State v. Jones

Annotate this Case
Justia Opinion Summary

In 2000, at the age of eighteen, Defendant was convicted as an adult of murder. In 2012, Defendant filed a second petition for collateral relief, alleging ineffective assistance of counsel and denial of due process because he was convicted while mentally incompetent. Although Defendant’s motion was entitled “Motion to Correct Illegal Sentence,” the district court deemed the motion a collateral challenge under Kan. Stat. Ann. 60-1507 and assigned it both a civil case number and a criminal case number. In the civil case, the court summarily denied the motion, determining that the pleading was both untimely and successive. In the criminal case, the court dismissed the motion, concluding that it was without merit. Defendant filed two notices of appeal, one to the Court of Appeals from the civil decision and one to the Supreme Court from the criminal caption. The Court of Appeals affirmed. In his appeal to the Supreme Court, Defendant argued that his conviction amounted to a denial of due process because, at the time of trial, he was a juvenile who suffered from a mental defect that rendered him incompetent. The Supreme Court also affirmed, holding that because Defendant's claim was procedural, not jurisdictional, Defendant could not prevail in his claim that his sentence was illegal.

Download PDF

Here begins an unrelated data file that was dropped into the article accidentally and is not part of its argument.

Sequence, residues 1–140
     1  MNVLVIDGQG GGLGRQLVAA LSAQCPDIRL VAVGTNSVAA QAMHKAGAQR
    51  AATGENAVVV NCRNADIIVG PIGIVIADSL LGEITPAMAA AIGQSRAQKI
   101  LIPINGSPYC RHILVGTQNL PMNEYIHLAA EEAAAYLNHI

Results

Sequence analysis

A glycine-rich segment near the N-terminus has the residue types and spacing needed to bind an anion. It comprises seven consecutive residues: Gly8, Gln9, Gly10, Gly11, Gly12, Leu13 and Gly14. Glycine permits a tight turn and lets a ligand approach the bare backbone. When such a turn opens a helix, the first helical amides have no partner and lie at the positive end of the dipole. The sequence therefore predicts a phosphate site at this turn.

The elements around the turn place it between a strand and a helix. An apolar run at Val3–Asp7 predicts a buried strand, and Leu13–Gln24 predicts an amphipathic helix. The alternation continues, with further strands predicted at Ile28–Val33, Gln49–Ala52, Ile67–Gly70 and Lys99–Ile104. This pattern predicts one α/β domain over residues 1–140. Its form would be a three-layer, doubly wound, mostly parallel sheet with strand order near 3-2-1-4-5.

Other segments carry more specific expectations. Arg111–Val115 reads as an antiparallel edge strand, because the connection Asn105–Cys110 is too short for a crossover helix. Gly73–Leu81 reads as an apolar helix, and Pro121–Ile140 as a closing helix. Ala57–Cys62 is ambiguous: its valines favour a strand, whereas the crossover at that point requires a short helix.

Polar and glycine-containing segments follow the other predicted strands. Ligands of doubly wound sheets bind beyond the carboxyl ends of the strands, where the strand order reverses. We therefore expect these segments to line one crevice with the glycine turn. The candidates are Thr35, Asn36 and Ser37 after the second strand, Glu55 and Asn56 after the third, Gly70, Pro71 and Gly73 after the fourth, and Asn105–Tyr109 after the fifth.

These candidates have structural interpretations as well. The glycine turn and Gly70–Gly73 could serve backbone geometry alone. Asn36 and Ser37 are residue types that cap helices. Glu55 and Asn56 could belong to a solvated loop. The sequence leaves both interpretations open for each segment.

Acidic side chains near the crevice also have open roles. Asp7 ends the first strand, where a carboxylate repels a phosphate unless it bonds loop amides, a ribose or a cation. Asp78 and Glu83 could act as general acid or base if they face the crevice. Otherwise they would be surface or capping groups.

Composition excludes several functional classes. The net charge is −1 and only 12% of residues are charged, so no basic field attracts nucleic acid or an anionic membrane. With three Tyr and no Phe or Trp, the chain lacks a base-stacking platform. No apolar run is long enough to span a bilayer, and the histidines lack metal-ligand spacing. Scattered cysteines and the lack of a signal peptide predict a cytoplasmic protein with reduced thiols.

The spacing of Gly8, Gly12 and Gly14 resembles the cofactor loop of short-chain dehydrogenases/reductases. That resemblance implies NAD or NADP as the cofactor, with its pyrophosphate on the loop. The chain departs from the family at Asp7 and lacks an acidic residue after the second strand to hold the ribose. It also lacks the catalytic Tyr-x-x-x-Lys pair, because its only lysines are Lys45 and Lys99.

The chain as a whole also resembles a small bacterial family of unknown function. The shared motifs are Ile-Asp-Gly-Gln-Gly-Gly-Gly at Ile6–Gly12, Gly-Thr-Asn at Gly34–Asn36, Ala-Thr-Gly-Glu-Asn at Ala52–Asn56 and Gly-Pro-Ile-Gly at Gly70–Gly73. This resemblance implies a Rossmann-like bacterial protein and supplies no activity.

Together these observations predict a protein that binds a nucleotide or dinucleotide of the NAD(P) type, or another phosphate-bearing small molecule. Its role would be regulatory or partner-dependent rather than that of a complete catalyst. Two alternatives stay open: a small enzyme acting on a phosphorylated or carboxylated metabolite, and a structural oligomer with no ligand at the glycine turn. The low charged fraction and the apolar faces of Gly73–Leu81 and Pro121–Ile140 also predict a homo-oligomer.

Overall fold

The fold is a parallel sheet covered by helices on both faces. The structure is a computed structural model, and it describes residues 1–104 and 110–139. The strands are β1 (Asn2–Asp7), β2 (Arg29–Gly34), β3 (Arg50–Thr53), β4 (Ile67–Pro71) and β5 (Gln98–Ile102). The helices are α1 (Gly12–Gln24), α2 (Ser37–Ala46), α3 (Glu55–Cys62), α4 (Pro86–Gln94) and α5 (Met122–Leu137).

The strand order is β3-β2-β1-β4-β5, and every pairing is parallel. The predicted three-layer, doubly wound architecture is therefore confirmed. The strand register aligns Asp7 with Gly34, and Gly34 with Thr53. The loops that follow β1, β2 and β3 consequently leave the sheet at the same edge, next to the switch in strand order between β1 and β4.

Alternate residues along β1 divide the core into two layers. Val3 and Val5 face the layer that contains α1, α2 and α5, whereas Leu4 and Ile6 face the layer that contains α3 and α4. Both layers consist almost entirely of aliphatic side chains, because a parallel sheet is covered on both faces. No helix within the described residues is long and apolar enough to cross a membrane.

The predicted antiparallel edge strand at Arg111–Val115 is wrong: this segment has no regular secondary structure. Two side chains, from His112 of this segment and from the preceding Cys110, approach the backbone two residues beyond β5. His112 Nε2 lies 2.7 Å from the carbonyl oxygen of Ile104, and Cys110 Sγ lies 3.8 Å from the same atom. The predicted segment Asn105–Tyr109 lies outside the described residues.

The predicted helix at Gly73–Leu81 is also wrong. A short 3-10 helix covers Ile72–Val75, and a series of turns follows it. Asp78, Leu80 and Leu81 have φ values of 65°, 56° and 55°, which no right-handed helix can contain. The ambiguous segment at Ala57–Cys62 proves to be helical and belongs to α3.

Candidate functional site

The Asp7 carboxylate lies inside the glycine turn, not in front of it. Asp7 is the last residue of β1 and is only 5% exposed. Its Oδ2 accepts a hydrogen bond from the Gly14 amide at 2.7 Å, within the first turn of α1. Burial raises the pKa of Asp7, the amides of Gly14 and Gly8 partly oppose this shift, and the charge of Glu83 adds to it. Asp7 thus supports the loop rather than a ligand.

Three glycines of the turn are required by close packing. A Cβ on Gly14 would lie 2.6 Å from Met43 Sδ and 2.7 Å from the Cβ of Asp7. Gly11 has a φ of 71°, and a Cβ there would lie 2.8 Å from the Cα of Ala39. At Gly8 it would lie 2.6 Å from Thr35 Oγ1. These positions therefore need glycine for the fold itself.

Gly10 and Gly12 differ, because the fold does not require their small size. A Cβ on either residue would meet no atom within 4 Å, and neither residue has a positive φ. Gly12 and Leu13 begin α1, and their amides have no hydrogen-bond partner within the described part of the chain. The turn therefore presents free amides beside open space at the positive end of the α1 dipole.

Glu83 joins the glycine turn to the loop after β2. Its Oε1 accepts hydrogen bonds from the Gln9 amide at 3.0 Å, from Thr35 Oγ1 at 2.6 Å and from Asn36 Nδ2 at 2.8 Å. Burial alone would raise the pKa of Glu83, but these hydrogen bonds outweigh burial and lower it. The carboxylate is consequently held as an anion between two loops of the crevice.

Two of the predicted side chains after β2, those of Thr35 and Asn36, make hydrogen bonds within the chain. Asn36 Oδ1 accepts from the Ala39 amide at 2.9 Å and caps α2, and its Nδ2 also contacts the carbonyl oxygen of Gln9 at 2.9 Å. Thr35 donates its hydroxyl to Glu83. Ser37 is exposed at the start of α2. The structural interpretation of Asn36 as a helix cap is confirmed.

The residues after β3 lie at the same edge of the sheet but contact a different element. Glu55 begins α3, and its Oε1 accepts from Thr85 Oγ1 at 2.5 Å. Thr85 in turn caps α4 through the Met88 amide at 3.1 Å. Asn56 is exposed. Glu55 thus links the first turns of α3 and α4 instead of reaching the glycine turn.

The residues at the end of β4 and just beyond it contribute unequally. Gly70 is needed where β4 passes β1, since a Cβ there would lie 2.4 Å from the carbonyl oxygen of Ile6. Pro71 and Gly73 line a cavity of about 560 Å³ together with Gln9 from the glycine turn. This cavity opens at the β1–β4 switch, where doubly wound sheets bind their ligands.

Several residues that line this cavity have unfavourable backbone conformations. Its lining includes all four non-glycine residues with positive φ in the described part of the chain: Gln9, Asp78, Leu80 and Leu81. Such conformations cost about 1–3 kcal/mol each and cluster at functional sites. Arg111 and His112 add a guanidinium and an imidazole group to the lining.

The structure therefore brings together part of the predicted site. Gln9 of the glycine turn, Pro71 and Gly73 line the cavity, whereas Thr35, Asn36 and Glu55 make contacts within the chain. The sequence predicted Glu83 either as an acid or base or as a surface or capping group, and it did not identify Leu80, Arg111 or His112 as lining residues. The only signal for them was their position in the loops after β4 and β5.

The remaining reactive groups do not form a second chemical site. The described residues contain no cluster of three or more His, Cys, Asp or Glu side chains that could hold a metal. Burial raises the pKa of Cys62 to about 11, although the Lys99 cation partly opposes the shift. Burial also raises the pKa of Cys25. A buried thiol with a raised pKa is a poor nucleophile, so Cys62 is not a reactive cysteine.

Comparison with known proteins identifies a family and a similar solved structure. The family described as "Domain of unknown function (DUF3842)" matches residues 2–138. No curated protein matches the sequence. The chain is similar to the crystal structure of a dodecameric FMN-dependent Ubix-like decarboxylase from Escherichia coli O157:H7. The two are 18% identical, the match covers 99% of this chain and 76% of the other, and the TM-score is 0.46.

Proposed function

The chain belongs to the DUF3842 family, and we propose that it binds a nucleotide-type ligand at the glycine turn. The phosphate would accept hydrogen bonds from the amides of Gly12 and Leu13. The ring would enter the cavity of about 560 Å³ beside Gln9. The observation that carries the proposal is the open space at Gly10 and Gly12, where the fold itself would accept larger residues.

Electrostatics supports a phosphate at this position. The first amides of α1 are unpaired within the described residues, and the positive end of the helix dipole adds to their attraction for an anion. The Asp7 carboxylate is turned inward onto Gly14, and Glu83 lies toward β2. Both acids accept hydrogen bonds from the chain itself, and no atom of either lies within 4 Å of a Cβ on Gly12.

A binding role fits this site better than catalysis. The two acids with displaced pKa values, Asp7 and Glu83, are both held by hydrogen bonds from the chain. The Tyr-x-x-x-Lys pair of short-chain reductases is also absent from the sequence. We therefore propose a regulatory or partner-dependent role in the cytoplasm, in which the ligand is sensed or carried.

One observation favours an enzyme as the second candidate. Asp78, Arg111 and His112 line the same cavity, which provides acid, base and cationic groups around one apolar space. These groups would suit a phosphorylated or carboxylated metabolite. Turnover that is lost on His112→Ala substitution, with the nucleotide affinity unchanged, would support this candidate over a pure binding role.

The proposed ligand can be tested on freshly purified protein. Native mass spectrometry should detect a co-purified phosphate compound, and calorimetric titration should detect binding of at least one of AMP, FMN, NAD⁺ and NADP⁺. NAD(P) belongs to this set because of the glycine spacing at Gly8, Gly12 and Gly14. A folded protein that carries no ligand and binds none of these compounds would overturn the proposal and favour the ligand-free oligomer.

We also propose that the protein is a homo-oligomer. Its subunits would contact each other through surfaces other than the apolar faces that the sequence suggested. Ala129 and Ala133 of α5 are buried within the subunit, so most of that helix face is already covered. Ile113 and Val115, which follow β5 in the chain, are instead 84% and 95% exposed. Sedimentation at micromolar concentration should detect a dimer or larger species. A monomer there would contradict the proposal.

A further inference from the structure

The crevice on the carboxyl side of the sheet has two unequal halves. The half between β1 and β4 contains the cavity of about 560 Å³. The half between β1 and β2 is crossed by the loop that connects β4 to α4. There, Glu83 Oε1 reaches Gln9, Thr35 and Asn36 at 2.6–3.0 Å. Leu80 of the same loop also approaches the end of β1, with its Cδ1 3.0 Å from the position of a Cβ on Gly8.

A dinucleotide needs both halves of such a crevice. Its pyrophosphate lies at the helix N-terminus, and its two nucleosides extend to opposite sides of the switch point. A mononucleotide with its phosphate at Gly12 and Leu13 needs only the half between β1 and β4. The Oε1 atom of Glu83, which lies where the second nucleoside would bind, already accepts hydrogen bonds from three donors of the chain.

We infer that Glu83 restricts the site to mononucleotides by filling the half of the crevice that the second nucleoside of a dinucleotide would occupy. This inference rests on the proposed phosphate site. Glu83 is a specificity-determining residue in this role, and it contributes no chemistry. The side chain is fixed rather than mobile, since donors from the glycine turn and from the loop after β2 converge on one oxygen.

IN THE SUPREME COURT OF THE STATE OF KANSAS No. 111,540 STATE OF KANSAS, Appellee, v. CHARLES L. JONES, Appellant. SYLLABUS BY THE COURT An alleged violation of K.S.A. 22-3302 by failure to suspend criminal proceedings to conduct a competency hearing after finding reason to question a criminal defendant's competency raises a procedural not a jurisdictional issue, and it, therefore, will not support a motion to correct an illegal sentence. Appeal from Wyandotte District Court; R. WAYNE LAMPSON, judge. Opinion filed December 18, 2015. Affirmed. Gerald E. Wells, of Jerry Wells Attorney-at-Law, of Lawrence, argued the cause and was on the briefs for appellant. Jerome A. Gorman, district attorney, argued the cause, and Derek Schmidt, attorney general, was with him on the briefs for appellee. The opinion of the court was delivered by ROSEN, J.: Charles L. Jones appeals from the denial of his motion to correct an illegal sentence following his conviction and sentence for first-degree murder. He argues that the failure on the part of the trial court to order sua sponte a competency examination 1 rendered his sentence illegal. Because his claim is procedural, not jurisdictional, he cannot prevail in his claim that his sentence was illegal. In 2000, at the age of 18, Jones was convicted as an adult for a 1998 murder. He took a direct appeal of that conviction, arguing through counsel that the failure of the State to notify his parents that he would be tried as an adult violated due process, that the evidence did not support prosecuting him as an adult, that the trial court improperly limited his cross-examination of an accomplice, and that the prosecutor committed misconduct in making certain statements during closing argument. He raised additional arguments in a pro se supplemental brief, including claims of ineffective assistance of counsel and various other suggestions of impropriety on the part of the court and the prosecutor. This court affirmed the conviction in State v. Jones, 273 Kan. 756, 47 P.3d 783, cert. denied 537 U.S. 980 (2002). A procession of collateral challenges to the conviction ensued. In 2004, Jones filed a pro se motion seeking relief under K.S.A. 60-1507. He alleged ineffective assistance of counsel at his juvenile waiver hearing. The trial court denied the motion following an evidentiary hearing. The Court of Appeals affirmed the denial, finding that, although trial counsel in fact provided deficient assistance based on a failure to present any evidence to rebut the statutory presumption that he be tried as an adult, the deficiency was harmless because the factors weighing in favor of adult prosecution were so strong that it was not reasonably probable that any evidence on his behalf would have changed the outcome. Jones v. State, No. 99,370, 2009 WL 863106 (Kan. App. 2009) (unpublished opinion), rev. denied 289 Kan. 1279 (2010). In 2009, Jones filed a motion to correct an illegal sentence, arguing that the juvenile waiver proceedings were defective because the complaint did not provide his 2 parents with notice of the charges, his right to counsel, or the waiver hearing; the service of the copy of the complaint was defective; and the prosecution failed to provide adequate constitutional safeguards. The district court denied the motion, and this court affirmed, holding that a motion to correct an illegal sentence is inappropriate to challenge procedural defects in the prosecution of a juvenile as an adult. State v. Jones, 292 Kan. 910, 916, 257 P.3d 268 (2011), cert. denied 132 S. Ct. 1097 (2012). On November 1, 2012, Jones filed another petition for collateral relief. He alleged ineffective assistance of trial counsel due to a breakdown of communication, ineffective assistance of counsel due to his attorney's failure to request a competency hearing to determine whether he suffered from a juvenile personality disorder, and denial of due process because he was convicted while mentally incompetent. Although Jones captioned his petition "Motion to Correct Illegal Sentence," the district court apparently decided that the motion could also be deemed a collateral challenge under K.S.A. 60-1507. It assigned both a civil case number—12CV1601—and a criminal case number—1998CR1731A—to the pleading. In separate orders, the district court summarily denied the motion. In the civil case, the court relied on K.S.A. 60-1507 to deny the motion, determining that the pleading was both untimely and successive. In the criminal case, the district court dismissed the motion, ruling that it had been under no obligation to interrupt the trial sua sponte. Jones filed two notices of appeal, one to the Court of Appeals from the civil decision and one to this court from the criminal caption. The Court of Appeals affirmed, finding the petition untimely and successive and any asserted error harmless. Jones v. State, No. 109,713, 2014 WL 1363267 (Kan. App. 2014) (unpublished opinion), rev. denied 301 Kan. ___ (March 12, 2015). Jones has thus received two judgments and two appeals from one district court pleading. 3 In his appeal to this court, Jones argues that, at the time of his trial, he was a juvenile who suffered from a mental defect that rendered him incompetent to comprehend fully the nature and possible consequences of the charges against him, and his conviction amounted to a denial of due process. This court has recently addressed this very issue in State v. Donaldson, 302 Kan. ___, 355 P.3d 689 (2015), which controls the outcome of this appeal. Jones argued in his pleading to the district court that the court was required to suspend proceedings once his competence to stand trial came into question. The district court summarily denied his motion. This court reviews under a de novo standard the summary denial of a motion to correct an illegal sentence. State v. Gilbert, 299 Kan. 797, 801, 326 P.3d 1060 (2014). Whether a sentence is illegal is a question of law over which this court exercises unlimited review. 299 Kan. at 801. A sentence is illegal under K.S.A. 22-3504 if it is imposed by a court without jurisdiction, if it does not conform to the applicable statutory provision either in the character or the term of authorized punishment, or if it is ambiguous with respect to the time and manner in which it is to be served. Donaldson, 302 Kan. at ___, 355 P.3d at 691-92. In State v. Ford, 302 Kan. ___, Syl. ¶ 4, 353 P.3d 1143 (2015), this court held that a motion to correct an illegal sentence is foreclosed as a mechanism for correcting a procedural competency claim. That decision specifically held that "future movants cannot use a motion to correct an illegal sentence to claim a violation of K.S.A. 22-3302." 353 P.3d at 1147. In Donaldson, 302 Kan. ___, 355 P.3d 689, this court considered circumstances strikingly similar to those in the present case. Donaldson's murder conviction was affirmed on direct appeal. He then filed a couple of K.S.A. 60-1507 motions, which were 4 denied, and the district court was affirmed by the Court of Appeals. After unsuccessfully seeking federal habeas corpus relief, Donaldson next filed in state court a motion to correct an illegal sentence, alleging for the first time that he had not been competent to stand trial and the district court therefore had no jurisdiction to convict him when it failed to require sua sponte a competency hearing. On appeal, this court analyzed the competency statute, K.S.A. 22-3302(1), and determined that the sentence was not illegal. 355 P.3d at 692-93. The court went on to determine that, pursuant to Ford, Donaldson's claim of error was procedural, not jurisdictional. 355 P.3d at 693. The court concluded that Donaldson could not utilize a motion to correct an illegal sentence to challenge the trial court's alleged failure to comply with K.S.A. 22-3302. 355 P.3d at 693-94. The court also noted that it would not benefit Donaldson to treat his pleading as a K.S.A. 60-1507 motion because he had failed to raise the competency issue in either his direct appeal or his two previous K.S.A. 60-1507 motions. 355 P.3d at 694. The decisions in Ford and Donaldson are consistent with the decision in Jones' prior illegal sentence claim before this court, where we held that the procedural errors that he asserted at that time would not give rise to an illegal sentence. Although he did not raise the competency argument at that time, he asserted other defects in the juvenile proceeding and subsequent trial as an adult. This court noted that Jones had failed to establish a due process violation that would have deprived the district court of jurisdiction and, consequently, there was no basis for finding that he had received an illegal sentence. Jones, 292 Kan. at 916. Based on Ford, Donaldson, and this court's prior decisions in Jones' own appeals, Jones cannot obtain the relief that he seeks through a motion to correct illegal sentence. The judgment of the district court is affirmed. 5